the tunnel | 2012
the tunnel | 2012

Albuquerque Museum
Albuquerque, New Mexico

Corral panels as structural archetypes are easily recognized in the North American Southwest.

A fence can suggest fear of the outside world and the fence itself suggests our need to build a wall of resistance to keep the world apart from ourselves. I’ve been thinking about this idea with corral fencing for several months now. I didn’t quite know what I wanted to do with them except that I wanted to visualize a structure of some kind that would efficiently reference the corral fencing themselves and a spectrum of opposites while achieving an economy of expression by being condensed and deeply physical.

So initially I knew that I wanted to rupture the material somehow. I wanted to put into question the givenness of the prevailing normative horizon that resources in the west are endless and continually open for taking and that we are a world apart from the world (that we are merely local and separate from the macro).

What if we were faced with a limit rather than the imagined copious amounts of resources, rather than the idea of the universe is constantly expanding, (there is always an out there: the imagined emancipation), what if this just was it?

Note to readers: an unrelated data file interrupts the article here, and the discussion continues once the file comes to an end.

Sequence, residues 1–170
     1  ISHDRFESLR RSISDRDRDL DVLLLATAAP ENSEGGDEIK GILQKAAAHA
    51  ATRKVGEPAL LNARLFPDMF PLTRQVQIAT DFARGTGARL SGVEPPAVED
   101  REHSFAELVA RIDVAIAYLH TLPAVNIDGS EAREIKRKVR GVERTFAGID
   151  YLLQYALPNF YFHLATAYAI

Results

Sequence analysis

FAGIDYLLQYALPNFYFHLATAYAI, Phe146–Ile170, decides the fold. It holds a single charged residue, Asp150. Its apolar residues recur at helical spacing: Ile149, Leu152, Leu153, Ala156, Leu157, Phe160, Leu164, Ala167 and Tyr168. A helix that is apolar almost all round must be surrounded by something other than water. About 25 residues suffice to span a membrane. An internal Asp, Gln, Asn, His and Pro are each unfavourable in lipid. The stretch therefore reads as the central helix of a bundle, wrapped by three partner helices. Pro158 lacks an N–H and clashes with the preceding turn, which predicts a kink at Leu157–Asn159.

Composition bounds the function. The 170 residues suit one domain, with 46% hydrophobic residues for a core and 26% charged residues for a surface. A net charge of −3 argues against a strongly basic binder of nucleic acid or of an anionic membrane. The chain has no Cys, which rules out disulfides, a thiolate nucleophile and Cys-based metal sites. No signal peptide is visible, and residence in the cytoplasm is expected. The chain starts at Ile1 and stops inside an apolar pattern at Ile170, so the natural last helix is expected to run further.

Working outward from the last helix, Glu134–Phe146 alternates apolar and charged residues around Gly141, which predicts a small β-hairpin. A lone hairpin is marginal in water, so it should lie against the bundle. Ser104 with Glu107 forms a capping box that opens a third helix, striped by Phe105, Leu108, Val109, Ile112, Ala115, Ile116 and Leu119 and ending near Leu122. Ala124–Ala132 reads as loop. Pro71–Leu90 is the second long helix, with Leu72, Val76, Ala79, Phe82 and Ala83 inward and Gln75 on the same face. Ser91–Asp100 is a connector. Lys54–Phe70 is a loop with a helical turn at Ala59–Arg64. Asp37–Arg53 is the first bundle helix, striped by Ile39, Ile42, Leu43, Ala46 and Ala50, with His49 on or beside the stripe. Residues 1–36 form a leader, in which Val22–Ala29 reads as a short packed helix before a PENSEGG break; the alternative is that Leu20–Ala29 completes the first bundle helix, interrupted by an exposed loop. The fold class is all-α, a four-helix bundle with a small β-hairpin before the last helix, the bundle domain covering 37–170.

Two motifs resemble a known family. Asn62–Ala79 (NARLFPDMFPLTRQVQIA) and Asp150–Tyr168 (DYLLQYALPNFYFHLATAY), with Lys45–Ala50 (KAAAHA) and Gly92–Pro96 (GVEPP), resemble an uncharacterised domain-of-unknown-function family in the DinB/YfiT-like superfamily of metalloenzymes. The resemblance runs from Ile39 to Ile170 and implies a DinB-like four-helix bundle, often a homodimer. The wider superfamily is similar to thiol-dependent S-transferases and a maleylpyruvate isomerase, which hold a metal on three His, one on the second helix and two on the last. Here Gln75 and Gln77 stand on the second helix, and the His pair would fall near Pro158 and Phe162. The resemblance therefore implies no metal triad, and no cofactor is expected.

What if we got over the idea of ‘things’ as local or non-local and instead saw everything as dis local… everything is being sent from one place to some other place, and not as a territorial illusion of commodity: ‘owned’ and Saran-wrapped static entities but imagined instead as fluid resources that are completely dislocal, bound to here + everywhere at once through a bewildering array of participants simultaneously at work in them dislocating their neat boundaries in all sorts of ways, redistributing them in all sorts of ways.

What would we as humans do then? The conundrum of the twin discourses of ours and only: This is our only river, this is our only Gallup, this is our only Pecos Wilderness. Would we approach life differently? Would we put a fence around it and bind it up for ourselves and be so possessed by it, so possessive of it, that it would never be dispatched… eventually drying up the hinterlands?

As boundaries, fences can obviously represent our own boundaries within society, in relationships and work.